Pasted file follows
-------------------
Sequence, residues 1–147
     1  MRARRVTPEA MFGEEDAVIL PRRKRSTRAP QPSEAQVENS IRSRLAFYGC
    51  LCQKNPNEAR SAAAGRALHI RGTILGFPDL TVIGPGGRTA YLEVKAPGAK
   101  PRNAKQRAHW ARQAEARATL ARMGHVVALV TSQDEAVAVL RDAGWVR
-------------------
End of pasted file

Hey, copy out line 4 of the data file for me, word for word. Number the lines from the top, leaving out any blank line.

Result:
   101  PRNAKQRAHW ARQAEARATL ARMGHVVALV TSQDEAVAVL RDAGWVR